Just a thought! In the recently read budget (2011/12), an interesting point came out. Hon. Uhuru Kenyatta mentioned that property dealers were from now on to be paying capital gains tax. The proviso was that if it is stated in the company's articles of association and memoranda that the company actively seeks to buy and sell land and other property for profit, then this profit which is a capital gain would be taxed as regular business income.
To my lay readers, capital gains is simply an increase in the value of an asset. For example, if you buy a house for Kshs. 1 million and sell it at Kshs 2 million, then you have made a capital gain of KShs. 1 million. In other countries, this gain is usually taxed at a given rate say 30%, so you'd have to give the taxman Kshs 300,000.
Now at first sight, it seemed like a sensible thing to do. If you tax capital gains to real estate companies, it could both reduce real estate speculation, as well as increase government revenue. My issue is, where does it stop? The treasury has just released a can of worms.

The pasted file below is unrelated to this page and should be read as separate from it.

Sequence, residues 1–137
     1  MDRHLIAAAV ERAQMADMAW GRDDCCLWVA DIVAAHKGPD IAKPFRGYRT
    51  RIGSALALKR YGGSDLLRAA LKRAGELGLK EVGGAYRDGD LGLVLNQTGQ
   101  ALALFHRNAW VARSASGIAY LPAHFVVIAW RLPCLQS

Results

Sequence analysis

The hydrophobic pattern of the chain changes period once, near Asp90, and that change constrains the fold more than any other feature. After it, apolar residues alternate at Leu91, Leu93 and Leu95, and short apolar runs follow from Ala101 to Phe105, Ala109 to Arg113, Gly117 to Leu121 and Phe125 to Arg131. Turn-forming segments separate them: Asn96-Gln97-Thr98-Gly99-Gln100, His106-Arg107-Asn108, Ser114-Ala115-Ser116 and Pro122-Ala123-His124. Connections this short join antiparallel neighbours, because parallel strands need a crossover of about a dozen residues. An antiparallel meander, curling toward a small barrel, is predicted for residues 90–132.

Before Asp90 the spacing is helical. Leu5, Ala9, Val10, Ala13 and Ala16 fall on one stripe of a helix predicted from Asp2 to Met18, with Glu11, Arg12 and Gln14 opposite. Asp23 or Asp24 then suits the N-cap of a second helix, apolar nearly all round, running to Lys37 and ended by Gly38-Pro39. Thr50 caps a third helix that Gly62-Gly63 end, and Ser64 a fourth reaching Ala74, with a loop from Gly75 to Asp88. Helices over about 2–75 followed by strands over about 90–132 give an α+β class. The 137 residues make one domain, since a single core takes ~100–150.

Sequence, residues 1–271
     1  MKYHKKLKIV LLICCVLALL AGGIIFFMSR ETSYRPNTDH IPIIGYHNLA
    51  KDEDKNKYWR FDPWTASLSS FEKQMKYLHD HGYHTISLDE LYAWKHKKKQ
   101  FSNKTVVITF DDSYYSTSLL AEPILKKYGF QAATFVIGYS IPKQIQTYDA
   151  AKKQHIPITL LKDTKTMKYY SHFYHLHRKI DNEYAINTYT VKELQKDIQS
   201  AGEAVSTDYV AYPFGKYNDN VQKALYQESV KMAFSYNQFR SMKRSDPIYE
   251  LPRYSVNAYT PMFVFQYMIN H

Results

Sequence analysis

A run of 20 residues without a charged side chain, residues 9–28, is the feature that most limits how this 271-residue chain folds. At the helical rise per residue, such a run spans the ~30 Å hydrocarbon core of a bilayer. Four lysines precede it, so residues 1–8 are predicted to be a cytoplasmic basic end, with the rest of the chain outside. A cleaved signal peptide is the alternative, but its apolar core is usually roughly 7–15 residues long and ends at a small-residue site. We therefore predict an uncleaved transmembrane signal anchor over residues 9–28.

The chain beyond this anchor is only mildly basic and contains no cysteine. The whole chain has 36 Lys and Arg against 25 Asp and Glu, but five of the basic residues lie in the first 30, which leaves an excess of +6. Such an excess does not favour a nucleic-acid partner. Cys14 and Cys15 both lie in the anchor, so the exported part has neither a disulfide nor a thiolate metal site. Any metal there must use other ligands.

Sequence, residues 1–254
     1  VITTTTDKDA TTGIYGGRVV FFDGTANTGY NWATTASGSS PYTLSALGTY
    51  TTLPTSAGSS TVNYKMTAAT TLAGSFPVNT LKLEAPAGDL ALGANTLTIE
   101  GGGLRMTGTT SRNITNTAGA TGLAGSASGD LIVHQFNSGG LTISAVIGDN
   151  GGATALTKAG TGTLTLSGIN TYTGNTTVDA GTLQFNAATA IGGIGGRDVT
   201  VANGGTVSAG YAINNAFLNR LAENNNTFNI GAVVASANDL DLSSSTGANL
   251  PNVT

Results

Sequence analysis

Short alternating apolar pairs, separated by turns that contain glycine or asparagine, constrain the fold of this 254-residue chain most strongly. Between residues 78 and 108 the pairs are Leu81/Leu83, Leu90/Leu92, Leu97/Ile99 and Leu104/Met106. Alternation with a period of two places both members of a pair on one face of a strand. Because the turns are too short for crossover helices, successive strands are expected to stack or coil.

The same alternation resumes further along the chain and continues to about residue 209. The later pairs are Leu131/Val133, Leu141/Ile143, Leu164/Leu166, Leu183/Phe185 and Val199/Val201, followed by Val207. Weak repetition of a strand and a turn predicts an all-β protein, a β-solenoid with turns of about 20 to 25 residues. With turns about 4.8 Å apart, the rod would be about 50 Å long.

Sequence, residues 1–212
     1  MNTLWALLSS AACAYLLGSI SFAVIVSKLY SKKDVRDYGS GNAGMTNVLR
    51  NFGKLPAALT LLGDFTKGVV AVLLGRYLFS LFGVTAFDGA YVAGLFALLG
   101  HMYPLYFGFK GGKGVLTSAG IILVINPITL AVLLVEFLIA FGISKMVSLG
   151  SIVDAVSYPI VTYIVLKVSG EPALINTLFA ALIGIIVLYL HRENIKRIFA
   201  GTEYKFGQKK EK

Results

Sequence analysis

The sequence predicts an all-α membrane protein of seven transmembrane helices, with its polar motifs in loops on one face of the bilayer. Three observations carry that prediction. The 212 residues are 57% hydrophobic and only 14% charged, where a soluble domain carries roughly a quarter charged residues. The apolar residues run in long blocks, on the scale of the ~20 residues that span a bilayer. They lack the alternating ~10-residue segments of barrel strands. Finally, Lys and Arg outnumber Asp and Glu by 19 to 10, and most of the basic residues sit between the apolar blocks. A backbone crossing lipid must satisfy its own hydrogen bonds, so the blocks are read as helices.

Arguably, capital gains are made by people who are in the business of making capital gains. It doesn't just fall upon some lucky guy walking down the street. Making capital gains is something that businessmen plan for and take advantage of. Therefore, as much as it may make sense to tax real estate companies on their capital gains, the buck, if the treasury is being fair, shouldn't stop there. Asset managers, insurance companies, private equity firms should all be taxed on their capital gains. If the treasury's reasoning on taxing real estate capital gains is to be implemented fairly, then it can be argued that the aforementioned parties are all in the business of making capital gains and as such, their capital gains should be taxed as regular business income. Food for thought for those at the treasury.